Nonfiction > Lionel Strachey, et al., eds. > The World’s Wit and Humor > American
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The World’s Wit and Humor: An Encyclopedia in 15 Volumes.  1906.
Vols. I–V: American
 
A Gentle Complaint
By Simeon Ford (1855–1933)
 
From “A Few Remarks”

FAIRFIELD, CONN.    
P. T. BARNUM, ESQ.
  DEAR SIR: We have a large soiled Asiatic elephant visiting us now, which we suspect belongs to you. His skin is a misfit, and he keeps moving his trunk from side to side nervously. If you have missed an elephant answering to this description, please come up and take him away, as we have no use for him. An elephant on a place so small as ours is more of a trouble than a convenience. I have endeavored to frighten him away, but he does not seem at all timid, and my wife and I, assisted by our hired man, tried to push him out of the yard, but our efforts were unavailing. He has made our home his own now for some days, and he has become quite de trop. We do not mind him so much in the daytime, for he then basks mostly on the lawn and plays with the children (to whom he has greatly endeared himself), but at night he comes up and lays his head on our piazza, and his deep and stentorous breathing keeps my wife awake. I feel as though I were entitled to some compensation for his keep. He is a large though not fastidious eater, and he has destroyed some of my plants by treading on them; and he also leaned against our wood-house. My neighbor—who is something of a wag—says I have a lien on his trunk for the amount of his board; but that, of course, is only pleasantry. Your immediate attention will oblige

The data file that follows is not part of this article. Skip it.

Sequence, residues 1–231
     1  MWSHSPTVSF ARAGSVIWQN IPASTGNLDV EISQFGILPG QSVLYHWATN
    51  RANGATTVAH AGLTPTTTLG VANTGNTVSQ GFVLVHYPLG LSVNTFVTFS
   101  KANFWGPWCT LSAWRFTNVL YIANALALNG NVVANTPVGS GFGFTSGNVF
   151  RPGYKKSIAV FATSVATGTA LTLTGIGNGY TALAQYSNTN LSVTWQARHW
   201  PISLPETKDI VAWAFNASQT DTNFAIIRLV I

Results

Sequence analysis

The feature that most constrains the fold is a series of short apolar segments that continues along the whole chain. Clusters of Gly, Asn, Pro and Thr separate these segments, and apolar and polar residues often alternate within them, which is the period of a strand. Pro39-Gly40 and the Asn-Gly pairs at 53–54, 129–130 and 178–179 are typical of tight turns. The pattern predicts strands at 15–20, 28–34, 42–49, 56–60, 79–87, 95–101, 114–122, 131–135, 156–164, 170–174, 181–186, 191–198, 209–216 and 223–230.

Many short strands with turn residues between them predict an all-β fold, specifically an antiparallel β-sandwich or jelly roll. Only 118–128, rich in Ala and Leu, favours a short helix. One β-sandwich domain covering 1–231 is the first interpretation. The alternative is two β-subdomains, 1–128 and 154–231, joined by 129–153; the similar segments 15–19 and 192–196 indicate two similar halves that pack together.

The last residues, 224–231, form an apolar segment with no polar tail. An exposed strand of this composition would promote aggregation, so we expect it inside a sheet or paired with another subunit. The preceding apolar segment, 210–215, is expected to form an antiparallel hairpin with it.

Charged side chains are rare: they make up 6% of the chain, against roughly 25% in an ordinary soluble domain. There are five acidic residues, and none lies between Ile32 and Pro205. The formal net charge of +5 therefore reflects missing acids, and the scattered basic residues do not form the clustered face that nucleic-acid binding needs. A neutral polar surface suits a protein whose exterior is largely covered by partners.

SIMEON FORD.    
  1
 
 
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